“MacLeod is set to become a writer of the magnitude of Dickens or Tolkien.” —The Guardian
Aether is industry, industry is magic and the Great Guilds rule the known world.
Raised amid the smokestakes, terraced houses and endless subterranean pounding of the aether engines of the Yorkshire town of Bracebridge, Robert Borrows is nevertheless convinced that life holds a greater destiny than merely working endless shifts for one of the Lesser Guilds. Then, on a day out with his mother to the strange gardens and weirdly encrusted towers of a remote mansion, he encounters a wizened changeling, and the young girl in her charge called Anna, and glimpses a world of wonder, mystery and surprise.
From then on, as he flees to London in the hope of escape and advancement, and explores its wide streets and dark alleys, and all the tiers of society from the lowest to the highest, he comes to realize that he holds the keys to secrets far bigger than even he imagined.
A dazzling melange of Dickens and Peake, flavored with steampunk and magical realism, yet seen through a kaleidoscopically individual gaze, in The Light Ages, double World Fantasy Award winner Ian R MacLeod has created a novel for this and every age.
Praise for The Light Ages:
“MacLeod's descriptive powers are so effective that you can visualize every detail… [He] skillfully incorporates literary influences ranging from William Blake to Dickens to 1984 and the working class novels of the 1950s—and arrives at something original. Magical, visionary and enthralling, The Light Ages is award-winning stuff.” —SFX
“Totally convincing and vividly written, this book invests the dark streets of London with a magic the reader will never forget… a brilliant writer.” —Tim Powers
“A haunting fantasy version of Victorian England… brought to life with compassionate characters and lyrical writing.” —The Denver Post
“The novel's industrial alternative London echoes Dickens in its rich bleakness and M. John Harrison's Viriconium in its inventive Gothic complexity. A gripping page-turner. A hearty read. Rising star Ian R MacLeod offers an original political fable rivaling in ambition and execution the very best of today's new science fantasies.” —Michael Moorcock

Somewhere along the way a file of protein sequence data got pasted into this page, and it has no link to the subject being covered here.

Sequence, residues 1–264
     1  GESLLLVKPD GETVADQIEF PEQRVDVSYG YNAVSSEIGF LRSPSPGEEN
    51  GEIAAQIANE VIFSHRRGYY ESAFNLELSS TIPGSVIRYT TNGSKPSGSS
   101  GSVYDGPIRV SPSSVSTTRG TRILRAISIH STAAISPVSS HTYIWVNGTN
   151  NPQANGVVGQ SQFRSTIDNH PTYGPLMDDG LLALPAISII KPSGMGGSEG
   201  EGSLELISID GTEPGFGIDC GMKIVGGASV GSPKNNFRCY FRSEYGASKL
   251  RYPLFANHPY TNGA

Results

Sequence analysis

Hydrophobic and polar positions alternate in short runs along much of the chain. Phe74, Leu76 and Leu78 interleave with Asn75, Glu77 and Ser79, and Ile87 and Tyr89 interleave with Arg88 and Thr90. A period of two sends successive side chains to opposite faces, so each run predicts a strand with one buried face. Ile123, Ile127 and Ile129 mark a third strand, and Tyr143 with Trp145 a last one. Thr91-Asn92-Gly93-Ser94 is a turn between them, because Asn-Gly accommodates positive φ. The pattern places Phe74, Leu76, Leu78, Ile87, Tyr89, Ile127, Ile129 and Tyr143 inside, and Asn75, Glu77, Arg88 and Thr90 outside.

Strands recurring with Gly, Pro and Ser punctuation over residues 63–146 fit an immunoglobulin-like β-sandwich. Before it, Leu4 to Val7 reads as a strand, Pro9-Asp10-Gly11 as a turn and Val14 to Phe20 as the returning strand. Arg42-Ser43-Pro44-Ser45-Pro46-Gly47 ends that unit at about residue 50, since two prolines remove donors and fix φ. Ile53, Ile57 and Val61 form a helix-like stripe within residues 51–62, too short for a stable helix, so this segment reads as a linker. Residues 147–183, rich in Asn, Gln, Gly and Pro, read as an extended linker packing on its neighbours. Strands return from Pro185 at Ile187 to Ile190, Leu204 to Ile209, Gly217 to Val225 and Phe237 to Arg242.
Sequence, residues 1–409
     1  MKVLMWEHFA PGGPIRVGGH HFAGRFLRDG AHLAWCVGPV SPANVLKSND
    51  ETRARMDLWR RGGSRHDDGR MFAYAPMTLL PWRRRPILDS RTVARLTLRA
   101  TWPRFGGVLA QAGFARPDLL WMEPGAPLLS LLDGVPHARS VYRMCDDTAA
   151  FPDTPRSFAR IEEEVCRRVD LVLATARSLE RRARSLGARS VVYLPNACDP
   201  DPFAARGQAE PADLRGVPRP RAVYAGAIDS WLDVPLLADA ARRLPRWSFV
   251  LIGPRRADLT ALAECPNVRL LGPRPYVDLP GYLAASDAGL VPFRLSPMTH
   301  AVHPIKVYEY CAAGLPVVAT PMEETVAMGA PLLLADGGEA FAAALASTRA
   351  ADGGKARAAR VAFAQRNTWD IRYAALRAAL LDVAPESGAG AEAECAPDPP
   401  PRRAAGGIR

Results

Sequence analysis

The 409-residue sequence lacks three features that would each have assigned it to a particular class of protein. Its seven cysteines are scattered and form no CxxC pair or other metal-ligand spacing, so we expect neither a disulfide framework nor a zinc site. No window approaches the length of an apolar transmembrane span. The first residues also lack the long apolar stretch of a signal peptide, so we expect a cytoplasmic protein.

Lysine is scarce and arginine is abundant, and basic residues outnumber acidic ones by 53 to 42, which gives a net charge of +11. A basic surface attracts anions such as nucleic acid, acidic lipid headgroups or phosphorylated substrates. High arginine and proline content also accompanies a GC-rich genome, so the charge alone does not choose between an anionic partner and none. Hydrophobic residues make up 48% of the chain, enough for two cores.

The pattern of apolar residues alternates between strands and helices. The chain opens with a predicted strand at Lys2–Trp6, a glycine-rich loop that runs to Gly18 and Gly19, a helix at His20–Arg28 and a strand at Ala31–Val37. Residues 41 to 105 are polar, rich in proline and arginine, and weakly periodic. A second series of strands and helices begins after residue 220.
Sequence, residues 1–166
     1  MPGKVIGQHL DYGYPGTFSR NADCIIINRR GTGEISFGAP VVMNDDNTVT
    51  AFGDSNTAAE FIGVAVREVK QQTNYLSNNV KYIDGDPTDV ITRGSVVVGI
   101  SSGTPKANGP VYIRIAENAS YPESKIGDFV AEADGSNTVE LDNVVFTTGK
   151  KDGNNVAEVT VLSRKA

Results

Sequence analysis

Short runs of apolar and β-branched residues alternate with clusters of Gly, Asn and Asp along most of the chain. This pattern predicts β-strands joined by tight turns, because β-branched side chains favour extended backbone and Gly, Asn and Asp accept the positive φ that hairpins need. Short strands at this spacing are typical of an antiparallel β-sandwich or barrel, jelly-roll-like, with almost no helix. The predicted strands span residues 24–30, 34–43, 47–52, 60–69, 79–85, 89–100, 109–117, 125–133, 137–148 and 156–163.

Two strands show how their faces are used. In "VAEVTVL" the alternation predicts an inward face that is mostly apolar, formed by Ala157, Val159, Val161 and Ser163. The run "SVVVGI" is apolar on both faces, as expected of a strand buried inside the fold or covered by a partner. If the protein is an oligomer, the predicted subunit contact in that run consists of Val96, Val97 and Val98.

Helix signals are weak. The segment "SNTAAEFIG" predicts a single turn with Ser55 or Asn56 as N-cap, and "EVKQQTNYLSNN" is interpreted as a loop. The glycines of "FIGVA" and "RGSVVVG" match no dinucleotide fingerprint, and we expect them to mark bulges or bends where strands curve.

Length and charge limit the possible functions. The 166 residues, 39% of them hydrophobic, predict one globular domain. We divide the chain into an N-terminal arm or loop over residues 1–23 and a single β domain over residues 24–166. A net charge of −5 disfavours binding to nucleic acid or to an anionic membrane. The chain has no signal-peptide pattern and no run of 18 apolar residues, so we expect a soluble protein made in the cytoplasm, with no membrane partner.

Several hundred years ago a magical substance known as aether was discovered in England, and it changed the world in this beautifully written, complex fantasy novel, British author MacLeod's second (after the underrated The Great Wheel). Kings were overthrown. Aether-based industries flourished. Now, near the end of the Third Age of Industry (roughly the equivalent of our Victorian Age), great Guilds run the nation. Powerful captains of industry live like nobility, while the impoverished masses risk their lives mining, refining and working with the dangerous substance that supports the economy. Cracks are beginning to show in society, however. The poor are getting poorer. Quality workmanship is hard to find. Those who come into too much contact with aether often mutate into sometimes monstrous creatures called changelings. Worse still, there are dark rumors that the aether may be running out. The narrator, Robert Borrows, who rises from near-poverty as the son of a humble guildsman, falls in love with a changeling, participates in the revolution that brings the Third Age to its end and winds up among the masters of the new world that rises out of its ruins. With its strong character development and gritty, alternate London, this book won't attract fans of Robert Jordan or Terry Goodkind, but should hold great appeal to readers who love the more sophisticated fantasy of Michael Swanwick, John Crowley or even China Mi ville. (May 6)